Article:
# LED MCD to mW,lm to W Calculator

## Overview

in these calculators, W and :mW refers to OPTICAL POWER, not input power.

Calculate works best at the sample points such as 400-700nm in 25nm increments. Spline tries to approximate the other points and fit a bell curve.

This page is essentially here to do as much of the heavy lifting as possible for the user (and speed up their work so they can get their work done).

LED's and many things that emit light typically get dimmed around the edges of the beam. this is what a web page or post said - sorry, I have lost the reference.

## request for conversion equation/math help

I got my questions answered I think.

can someone verify if these numbers that are output are correct, and if not, by what factor? I wonder sometimes.

I still do have questions regarding LED's which are measured in degrees Kelvin + W + beam half angle in degrees, I am not sure how to calculate degrees kelvin into RGB cd or W, if someone finds a page I would appreciate it. If there is someone into Optical Engineering who is willing to help, that would be greatly appreciated! email me here! Then I can rewrite this page so everyone into electronics can use it more, based on data sheets. I know the beam angle will need to be converted to conical steradians. if this is not possible, please let me know. if an approximation is possible, I would like to attempt this.

I did get most all of the math I needed.

updated and corrected calculators with proper (I think) equations 7/27/2013, 10/29/2013

upgraded input to handle SI and IEC prefixes like m in mcd which I code as :m so therefore :mcd or :mW and W is just W 9/10/2013

I don't understand the radius quite yet, it's supposed to be dimensionless, yet it does have an effect on the lumens. I forgot if this is measured in quantity of radius or steradians. my thinking is it's based on 1 radius for 1 steradian, the radius being the distance to the lens from the LED chip say which is about 2-3mm, and you multiply this n number of times to get the distance to the target object, and this n is your distance.

## lm to mW calculator (single-color)

### I need an Optical Engineer to help me with these equations

#### results

0 mW, 0 W
0 lm (lumens or luminous flux)

## mW to lm calculator (single-color)

#### results

0 mW, 0 W
0 lm (lumens or luminous flux)

## cd to W,lm calculator (single-color)

OR

#### results

0 mcd, 0 cd
0 mW, 0 W
0 lm (lumens or luminous flux)

## W or mW to mcd or lm calculator (single-color)

OR

#### results

0 lm (lumens or luminous flux)
0 mcd, 0 cd
0 mW, 0 W

## cd to W,lm calculator (RGB - white)

OR

#### results

0 mcd R, 0 cd R
0 mcd G, 0 cd G
0 mcd B, 0 cd B
0 mcd max, 0 cd max
0 mW R, 0 W R
0 mW G, 0 W G
0 mW B, 0 W B
0 mW max, 0 W max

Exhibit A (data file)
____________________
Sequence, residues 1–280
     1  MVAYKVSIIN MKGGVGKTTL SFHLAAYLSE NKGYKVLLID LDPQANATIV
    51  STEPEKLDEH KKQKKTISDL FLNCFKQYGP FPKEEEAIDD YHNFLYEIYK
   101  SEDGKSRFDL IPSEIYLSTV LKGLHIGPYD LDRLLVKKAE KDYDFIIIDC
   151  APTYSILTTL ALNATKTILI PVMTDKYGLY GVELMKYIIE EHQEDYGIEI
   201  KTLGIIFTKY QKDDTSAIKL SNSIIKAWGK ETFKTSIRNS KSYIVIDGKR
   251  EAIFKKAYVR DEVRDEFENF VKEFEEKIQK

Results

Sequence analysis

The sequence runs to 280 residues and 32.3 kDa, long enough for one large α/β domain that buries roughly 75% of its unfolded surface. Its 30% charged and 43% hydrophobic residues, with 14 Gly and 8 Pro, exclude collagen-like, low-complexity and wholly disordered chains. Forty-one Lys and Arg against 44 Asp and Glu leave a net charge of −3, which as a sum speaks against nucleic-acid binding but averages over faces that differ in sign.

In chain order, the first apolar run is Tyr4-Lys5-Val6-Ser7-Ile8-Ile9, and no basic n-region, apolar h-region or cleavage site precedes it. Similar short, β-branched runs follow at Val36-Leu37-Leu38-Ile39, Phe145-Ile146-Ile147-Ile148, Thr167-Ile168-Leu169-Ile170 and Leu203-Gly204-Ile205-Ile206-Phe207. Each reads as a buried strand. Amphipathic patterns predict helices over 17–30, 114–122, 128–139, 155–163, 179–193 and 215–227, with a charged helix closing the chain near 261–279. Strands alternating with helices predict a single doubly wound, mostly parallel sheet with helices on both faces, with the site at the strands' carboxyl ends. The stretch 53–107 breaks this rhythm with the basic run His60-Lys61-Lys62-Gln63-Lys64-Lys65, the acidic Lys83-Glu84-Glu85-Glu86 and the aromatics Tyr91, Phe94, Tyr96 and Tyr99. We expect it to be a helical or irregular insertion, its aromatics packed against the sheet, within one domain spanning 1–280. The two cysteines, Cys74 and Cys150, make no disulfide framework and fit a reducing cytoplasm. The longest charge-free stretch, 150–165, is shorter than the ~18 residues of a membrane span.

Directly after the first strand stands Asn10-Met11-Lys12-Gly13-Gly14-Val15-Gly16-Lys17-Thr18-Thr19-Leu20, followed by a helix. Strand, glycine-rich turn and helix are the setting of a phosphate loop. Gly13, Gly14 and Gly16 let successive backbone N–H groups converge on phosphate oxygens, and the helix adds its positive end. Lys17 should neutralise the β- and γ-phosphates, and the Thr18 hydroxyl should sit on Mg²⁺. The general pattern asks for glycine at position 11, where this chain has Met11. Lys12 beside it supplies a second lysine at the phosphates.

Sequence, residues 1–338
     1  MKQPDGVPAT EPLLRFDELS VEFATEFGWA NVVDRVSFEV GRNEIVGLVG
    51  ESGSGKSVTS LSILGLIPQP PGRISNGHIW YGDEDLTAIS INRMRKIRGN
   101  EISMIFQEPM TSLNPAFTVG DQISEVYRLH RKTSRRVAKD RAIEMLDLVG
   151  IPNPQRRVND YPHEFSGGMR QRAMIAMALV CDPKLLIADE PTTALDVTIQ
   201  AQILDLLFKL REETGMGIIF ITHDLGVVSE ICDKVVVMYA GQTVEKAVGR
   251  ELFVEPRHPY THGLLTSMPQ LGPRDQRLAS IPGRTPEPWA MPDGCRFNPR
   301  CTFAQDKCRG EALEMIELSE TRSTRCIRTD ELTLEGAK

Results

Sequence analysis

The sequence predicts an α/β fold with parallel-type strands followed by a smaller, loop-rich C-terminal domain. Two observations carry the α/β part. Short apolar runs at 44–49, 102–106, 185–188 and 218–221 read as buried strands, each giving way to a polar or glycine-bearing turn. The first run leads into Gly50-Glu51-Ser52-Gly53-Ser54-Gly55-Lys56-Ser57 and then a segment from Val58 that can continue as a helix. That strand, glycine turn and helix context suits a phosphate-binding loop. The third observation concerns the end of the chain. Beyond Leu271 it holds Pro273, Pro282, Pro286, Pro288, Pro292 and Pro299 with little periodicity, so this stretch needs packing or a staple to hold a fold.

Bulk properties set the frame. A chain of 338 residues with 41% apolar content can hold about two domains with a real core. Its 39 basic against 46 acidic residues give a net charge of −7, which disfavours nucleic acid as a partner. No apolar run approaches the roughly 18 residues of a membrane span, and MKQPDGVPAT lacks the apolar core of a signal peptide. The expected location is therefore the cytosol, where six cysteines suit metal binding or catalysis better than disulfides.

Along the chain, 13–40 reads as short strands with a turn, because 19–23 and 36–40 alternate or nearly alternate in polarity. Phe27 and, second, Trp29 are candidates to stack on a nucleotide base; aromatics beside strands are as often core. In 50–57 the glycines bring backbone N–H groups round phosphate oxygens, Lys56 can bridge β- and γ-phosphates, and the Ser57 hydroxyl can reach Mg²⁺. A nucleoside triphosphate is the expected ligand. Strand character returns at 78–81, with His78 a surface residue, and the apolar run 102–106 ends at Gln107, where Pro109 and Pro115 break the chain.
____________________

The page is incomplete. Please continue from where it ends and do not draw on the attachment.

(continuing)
0 lm R (lumens or luminous flux)
0 lm G (lumens or luminous flux)
0 lm B (lumens or luminous flux)
0 lm max (lumens or luminous flux)

## W to cd calculator (RGB - white)

OR

#### results

0 mcd R, 0 cd R
0 mcd G, 0 cd G
0 mcd B, 0 cd B
0 mcd max, 0 cd max
0 mW R, 0 W R
0 mW G, 0 W G
0 mW B, 0 W B
0 mW max, 0 W max
0 lm R (lumens or luminous flux)
0 lm G (lumens or luminous flux)
0 lm B (lumens or luminous flux)
0 lm max (lumens or luminous flux)

## math

mcd to lumens,mW:

$\mathrm{radians}=\frac{2×\pi ×\mathrm{degrees}}{360}$ OR radians=2*π*degrees/360

$\mathrm{steradians}=2×\pi ×{\mathrm{radius}}^{2}×\left(1-\text{cos}\left(\mathrm{radians}\right)\right)$ OR steradians=2*Math.PI*radius^2*(1-cos(radians)); this is for a spherical cone

$\mathrm{cd}=\frac{\mathrm{mcd}}{1000}$ OR cd=mcd/1000

$W=\frac{\mathrm{mW}}{1000}$ OR W=mW/1000

$\mathrm{mcd}=\mathrm{cd}×\mathrm{1000}$ OR mcd=cd*1000

$\mathrm{mW}=W×\mathrm{1000}$ OR mW=W*1000

$\mathrm{lm}=\mathrm{steradians}×\mathrm{cd}=W×\mathrm{luminousEfficiencyInLumensPerWatt}$ OR lm=steradians*cd=W*luminousEfficiencyInLumensPerWatt

$W=\frac{\mathrm{lm}}{683.002\text{lm/W}×\text{luminousEfficiency}\left(\mathrm{wavelength_nm}\right)}$ OR W=lm/(683.002lm/W*luminousEfficiency(wavelength_nm))

$\mathrm{lm}=steradians×\mathrm{cd}=2×\pi ×\left(1-\text{cos}\left(\frac{\mathrm{radians}}{2}\right)\right)×\mathrm{cd}×{\mathrm{radius}}^{2}$ OR lm=steradians*cd=(2*π*(1-cos(radians/2))*cd*radius^2

###### articles
when it comes to optical power, mW and W is output power, not input power.
articles on mw to mcd conversion - hint requires beam angle
google search: beam angle full power (turns out this is a better search than view angle half power)
google search: beam angle full power (turns out this is a better search than view angle half power)
this applies to calculating cd: with this you can generate your own tables, and it's up-to-date. you want the 2 degree, 1 nm, and I *think* it's the Quantal(log). for compatibility with programming languages and convertability, I would suggest the CSV format or XML format - the XML is really hard to deal with right now, there's no good way to read it in a browser to make a web app using jquery - there are no good examples out there and functionality is awful for json and xml.
unfortunately, it's uniform, and LED's are not uniform in intensity, they dim around the edges of the beam. it also doesn't take into account radius (distance). so I guess you could say you should actually put in the curves and diagrams into the calculator and make the calculator work with that, you will end up doing integrals and other stuff to get your optical engineering done is my guess. and it's not going to be a fun trip. I don't see a way to input curves and beam diagrams visually and have it work well with a mouse. you would have to get the data from the mfr. and that's like extracting teeth. the approximation is what I am going to go with due to practicality - if there were just an equation for it, I would put it in and the necessary variables. or lm=(2+-2*cos(deg/2))*cd*π